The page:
It’s a good year when a video of the leader of the free world singing Al Green‘s “Let’s Stay Together” is uploaded to YouTube. President Obama’s very good Al Green attempt wasn’t the only video that had us clicking. Strange things happen when cell phones with video recorders meet the Internet. And this is why we’re most thankful to the almighty YouTube gods.
It’s been one hell of a year for online sensations. Going viral isn’t a prerequisite to making our list of the year’s best online videos. It’s not about the number of Internet scavengers who viewed a whacky video (although it’s a pretty good indicator of how great a phenomena it is). Whatever made us laugh until our bellies ached, smile so hard while thinking, ‘How cuuuute!’ or made us hit the replay button more than once, it made the list. From Jay-Z explaining who he was to an elderly woman on the subway to a grandma dancing to Tyga‘s “Rack City,” we loved it all.
2012 was the year of being or getting #turntup. Crunk songs encouraging partying, drinking and the good life were the soundtrack to turning up. French Montana‘s “Pop That” instructed women on how to, err, pop their booties at a party or club. It easily was one of the summer’s most popular anthems. In the same vein was Juicy J‘s “Bands A Make Her Dance” which suggests rolls of money secured by a rubber band will indeed make a girl dance. Not that we frequented the strip club or anything, but word on the street is strippers made this their unofficial theme song.
Other crunk songs had less to do with booty popping or stripping and more to do with intimacy–straight grown and sexy style. Take for instance Kelly Rowland‘s “Motivation” that inspired a body roll whether you were at your desk at work or in your car at a red light. Fun.‘s “We Are Young” isn’t your typical crunk song, however, if the DJ played this song at a party you witnessed the crowd going wild. So without further ado, here’s 16 of the year’s crunkest songs. Shout out to the artists for enabling our turned up ways. Read more…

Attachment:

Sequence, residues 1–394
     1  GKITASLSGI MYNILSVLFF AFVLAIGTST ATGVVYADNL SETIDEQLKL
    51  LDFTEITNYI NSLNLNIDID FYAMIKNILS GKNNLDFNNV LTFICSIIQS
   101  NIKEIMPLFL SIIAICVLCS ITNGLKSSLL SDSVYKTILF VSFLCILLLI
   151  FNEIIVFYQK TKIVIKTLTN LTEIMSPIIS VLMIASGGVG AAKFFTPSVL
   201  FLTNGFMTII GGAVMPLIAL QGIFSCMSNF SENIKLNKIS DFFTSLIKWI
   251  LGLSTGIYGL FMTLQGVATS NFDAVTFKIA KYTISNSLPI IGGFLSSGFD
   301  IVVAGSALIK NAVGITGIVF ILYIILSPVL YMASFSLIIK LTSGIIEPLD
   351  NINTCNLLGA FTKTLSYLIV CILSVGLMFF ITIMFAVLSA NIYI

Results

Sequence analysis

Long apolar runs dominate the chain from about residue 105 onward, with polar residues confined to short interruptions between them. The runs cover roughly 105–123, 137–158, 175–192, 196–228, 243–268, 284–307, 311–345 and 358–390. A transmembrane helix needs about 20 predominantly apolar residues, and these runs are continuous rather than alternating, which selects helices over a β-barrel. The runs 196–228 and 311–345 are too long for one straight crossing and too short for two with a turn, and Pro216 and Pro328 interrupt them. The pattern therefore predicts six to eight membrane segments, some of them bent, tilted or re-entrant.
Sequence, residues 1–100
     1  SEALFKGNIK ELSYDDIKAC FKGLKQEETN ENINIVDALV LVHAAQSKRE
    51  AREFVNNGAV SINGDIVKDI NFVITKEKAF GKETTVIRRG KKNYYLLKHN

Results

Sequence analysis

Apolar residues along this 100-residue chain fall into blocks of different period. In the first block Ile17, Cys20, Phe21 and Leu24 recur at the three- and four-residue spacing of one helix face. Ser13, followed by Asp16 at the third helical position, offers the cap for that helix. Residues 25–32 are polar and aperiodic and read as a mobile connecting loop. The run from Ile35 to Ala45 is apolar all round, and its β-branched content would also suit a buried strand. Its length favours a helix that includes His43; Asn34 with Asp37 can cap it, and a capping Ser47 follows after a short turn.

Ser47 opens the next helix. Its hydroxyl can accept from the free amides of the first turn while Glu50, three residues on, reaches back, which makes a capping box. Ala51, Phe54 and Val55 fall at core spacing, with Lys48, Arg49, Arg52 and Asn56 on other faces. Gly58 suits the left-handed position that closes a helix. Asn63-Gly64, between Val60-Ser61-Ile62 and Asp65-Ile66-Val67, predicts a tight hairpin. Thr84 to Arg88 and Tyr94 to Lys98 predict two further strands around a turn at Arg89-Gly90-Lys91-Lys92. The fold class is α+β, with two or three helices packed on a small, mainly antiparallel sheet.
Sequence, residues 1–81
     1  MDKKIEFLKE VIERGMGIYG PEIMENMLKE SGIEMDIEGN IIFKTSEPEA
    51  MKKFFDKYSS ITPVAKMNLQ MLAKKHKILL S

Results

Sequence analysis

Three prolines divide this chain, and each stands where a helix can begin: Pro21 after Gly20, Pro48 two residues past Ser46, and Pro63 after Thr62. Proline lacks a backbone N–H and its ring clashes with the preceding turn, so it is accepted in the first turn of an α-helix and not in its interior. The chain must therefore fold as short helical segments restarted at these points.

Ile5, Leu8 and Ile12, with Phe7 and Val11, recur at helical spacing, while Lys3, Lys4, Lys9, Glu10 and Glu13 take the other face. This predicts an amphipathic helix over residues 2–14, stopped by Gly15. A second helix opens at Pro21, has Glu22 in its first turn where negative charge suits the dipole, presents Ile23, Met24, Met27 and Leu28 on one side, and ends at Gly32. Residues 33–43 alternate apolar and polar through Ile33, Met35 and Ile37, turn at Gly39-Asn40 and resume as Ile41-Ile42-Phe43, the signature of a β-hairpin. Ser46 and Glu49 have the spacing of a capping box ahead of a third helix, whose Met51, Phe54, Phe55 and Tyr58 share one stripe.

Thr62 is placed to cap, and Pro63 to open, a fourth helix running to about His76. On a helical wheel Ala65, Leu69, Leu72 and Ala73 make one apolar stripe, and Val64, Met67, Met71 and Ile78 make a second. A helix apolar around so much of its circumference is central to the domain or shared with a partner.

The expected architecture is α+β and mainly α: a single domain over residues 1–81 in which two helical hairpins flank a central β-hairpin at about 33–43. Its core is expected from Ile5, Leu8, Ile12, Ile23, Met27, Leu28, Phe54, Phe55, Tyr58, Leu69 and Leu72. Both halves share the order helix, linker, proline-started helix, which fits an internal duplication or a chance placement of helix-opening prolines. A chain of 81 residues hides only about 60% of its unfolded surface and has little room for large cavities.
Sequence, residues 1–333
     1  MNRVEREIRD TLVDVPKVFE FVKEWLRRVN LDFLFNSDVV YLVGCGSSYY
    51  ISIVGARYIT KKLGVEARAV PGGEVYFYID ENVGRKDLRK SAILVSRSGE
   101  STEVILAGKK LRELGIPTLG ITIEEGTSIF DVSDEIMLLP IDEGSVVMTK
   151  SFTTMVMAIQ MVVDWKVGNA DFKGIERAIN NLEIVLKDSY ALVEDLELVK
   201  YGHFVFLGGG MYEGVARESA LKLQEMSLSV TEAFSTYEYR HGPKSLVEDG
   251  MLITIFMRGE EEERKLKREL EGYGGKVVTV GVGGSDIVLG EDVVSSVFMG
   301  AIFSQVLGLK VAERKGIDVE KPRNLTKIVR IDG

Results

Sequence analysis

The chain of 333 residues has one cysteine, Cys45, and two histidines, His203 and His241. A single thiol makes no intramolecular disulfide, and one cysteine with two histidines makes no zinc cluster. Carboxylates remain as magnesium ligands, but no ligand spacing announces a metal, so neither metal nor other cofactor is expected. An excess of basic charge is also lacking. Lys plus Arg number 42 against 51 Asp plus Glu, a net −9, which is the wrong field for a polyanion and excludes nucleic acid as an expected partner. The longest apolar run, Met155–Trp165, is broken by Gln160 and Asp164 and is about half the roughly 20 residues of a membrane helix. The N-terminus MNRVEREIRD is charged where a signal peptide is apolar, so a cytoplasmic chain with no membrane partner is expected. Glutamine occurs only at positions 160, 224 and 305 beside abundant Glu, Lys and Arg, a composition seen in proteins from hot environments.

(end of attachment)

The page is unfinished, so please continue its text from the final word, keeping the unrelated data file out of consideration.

Can’t knock the hustle. Yes, this girl’s hustle speaks for itself. When Nicki Minaj announced on MTV News the release of Pink Friday: Roman Reloaded The Re-Up there were a few major side-eyes. PFRR wasn’t exactly well received by critics. But the Barbz were excited for the re-release with eight new songs including her two recent singles “The Boys” featuring Cassie and “Va Va Voom.” With a little over two weeks until the November 19th release Nicki gave the Barbz a special treat by releasing the tracklist for the forthcoming project. And there’s no verse from Drake. Bummer. Read more…
Today is Aubrey Graham’s birthday, and as the talented singing-rapper completes his 26th year of life, he’s smooth-talked his way into the hearts and minds of millions of fans (not to mention his fellow celebrity friends). Likely receiving countless gifts from friends, strangers, and business associates, Drake surely can’t keep each and every token, no matter how personal some may be. And that’s exactly why we decided to raid his garbage.
Dumpster diving is the classiest of adventures, especially when the trash you’re sifting through belongs to Toronto’s golden boy. Invasion of privacy, maybe, but like we’re taught on various reality shows, what’s discarded onto public property is considered free for the taking. Below are our findings: the front covers and inside messages of birthday cards from Drake’s grandmother, Rick Ross, the OVO fam, his Rabbi, Rihanna, the Young Money crew, and Chris Brown are all revealed.
In a chain of events few would have expected, Hot 97 Summer Jam was as much about who was performing as it was about who wasn’t performing. By the time Tyga performed “Faded” and “Rack City” there was a dark cloud looming over the nearly 80,000 attendees, and that cloud had nothing to do with the weather. Tyga’s boss, Lil Wayne, had just abruptly pulled the plug on any of his artists performing, including the show’s headliner–Nicki Minaj.
Hot 97 DJ Peter Rosenberg, known for his loose (opinionated) lips introduced Kendrick Lamar during the pre-show and dropped a bombshell that set the tone for the rest of the night. “I know there are some chicks here waiting to sing “Starships” later. I’m not talking to y’all right now. F*ck that bulls*it,” he said to the crowd. “I’m here to talk about real hip-hop s*it.” The YMCMB president got whiff of the perceived diss and tweeted, “Young Money ain’t doing summer jam.” With that one tweet the boss had spoken. But the show did in fact go on. And in a major way.
Opening acts like Maino
, Joe Budden
and Joel Ortiz
rattled through their old hits to a barely there crowd. That didn’t keep Budden from declaring he and his crew were the “best rappers in the universe.” People started filling in once Waka Flocka
hit the stage with the wild, crazy, party energy he seems to carry with him anywhere he goes. The signature Waka Flocka move–shaking his dreads from side to side–was in full effect during “Bustin At Em,” “It’s A Party,” “Hard In the Paint and “I Don’t Really Care.” “No Hands” served as a segue into Wale’s
set as the two shared the stage. J. Cole
proved he’s studied in the School of Jay-Z
as he was the first to perform with a live band. No entourage needed, he commanded the stage with his mere talent.